Guy’s World: Lessons From The Valley
UPPER HUTT, FRI 13: I’m out for some stripped down, no bullshit, high octane fun and I know I’m not gonna get it in muffin eating, latte slurping, Karen Walker wearing Wellington. That’s why I’m in the Hutt, heading for the Lazy Lizard bar, where rock may be a dirty word, but they wouldn’t have it any other way.
But first a cigarette stop. Steve foolishly tries to purchase a packet of Marlboro Lights, wussy smokes favoured by pasty faced gothics to go with their chartreuse and eye-liner for readings of romantic poetry at the Karori cemetery. Realising his mistake, Steve goes for Dunhill Red: a neutral choice that won’t raise any eyebrows at the Lizard.
Lined up for Rocktober 13 are three bands: The Fabulous Pakehas, The Buzzards and the Turbo Rats. A mate of Steve’s, Darren, plays guitar in the Buzzards and organised the show. Quite apart from supporting a mate, me and Steve wanted to hear some real rock ‘n’ roll.
There’s nothing in the world quite like loud, dirty guitar. It aint’ nice and it aint’ exactly pretty. It ain’t exactly new either. Some time around the mid 1950s guitarists realised that if you turned the amp ALL the way up you had a whole new instrument on your hands: a squawking, violent, thunderous, yet undeniably expressive voice.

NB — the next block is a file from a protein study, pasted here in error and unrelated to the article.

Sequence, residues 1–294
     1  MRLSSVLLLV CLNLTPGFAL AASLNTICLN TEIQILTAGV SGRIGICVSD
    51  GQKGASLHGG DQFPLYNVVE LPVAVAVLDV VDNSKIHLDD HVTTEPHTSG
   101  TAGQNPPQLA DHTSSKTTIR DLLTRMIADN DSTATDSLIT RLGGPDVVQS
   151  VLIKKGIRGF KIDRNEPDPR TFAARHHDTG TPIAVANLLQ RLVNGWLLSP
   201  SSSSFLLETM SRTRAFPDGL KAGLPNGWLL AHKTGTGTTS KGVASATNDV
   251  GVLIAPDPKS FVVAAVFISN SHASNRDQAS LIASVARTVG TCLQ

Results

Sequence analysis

Early pioneers included Paul Burlison, who provided the fuzzy counterpoint to Johnny Burnette’s sexually charged screams in the Rock ‘n’ Roll Trio. It sounds like Elvis’s Sun Sessions, but a whole lot meaner. The classic early primitive is Link Wray, whose first single was named rumble because it sounded like a street fight. Burlison found his signature tone by dropping his amp off the back of a truck, Wray achieved similar results by blowing up his speakers. In those days, you didn’t get an antisocial sound out of a box, guitarists found their voice by a combination of chance, weird science and disrespect for the “right” way of doing things.
Almost 50 years later, distortion is still the expression of angst, sexual energy and greasy teenage kicks. We’ve heard the psychedelic soundscapes of Hendrix, the snotty ebullience of the Sex Pistols and the hard volume of AC/DC. Turn the radio on today and the young punks are still cranking it up.
It’s true that today we can also fulfil our need for thumping sounds with drum ‘n’ bass or house or whatever. There is something compelling about all that bass rattling the subs. But despite the smartasses telling us, since the Seventies at least, that rock is dead, we still need to hear loud guitar.
Back at the Lazy Lizard, and the Fabulous Pakehas are channeling the spirit of the Rolling Stones: a nice, sloppy, relaxed clank and grind. These guy’s have studied at the Keith Richards School of Cool. Guitar slung low, fag in mouth, don’t give a f**k attitude. Keith Richards was the guy who taught guitarist that it sounds better when you play out of time, just a little behind the beat. The Pakeha’s own tunes didn’t really stand up to their stellar covers, my fave being the Killer, Jerry Lee Lewis’s Great Balls Of Fire.
“I wanna be Keef.” “No I wanna be Keef.” “You were Keef last time.”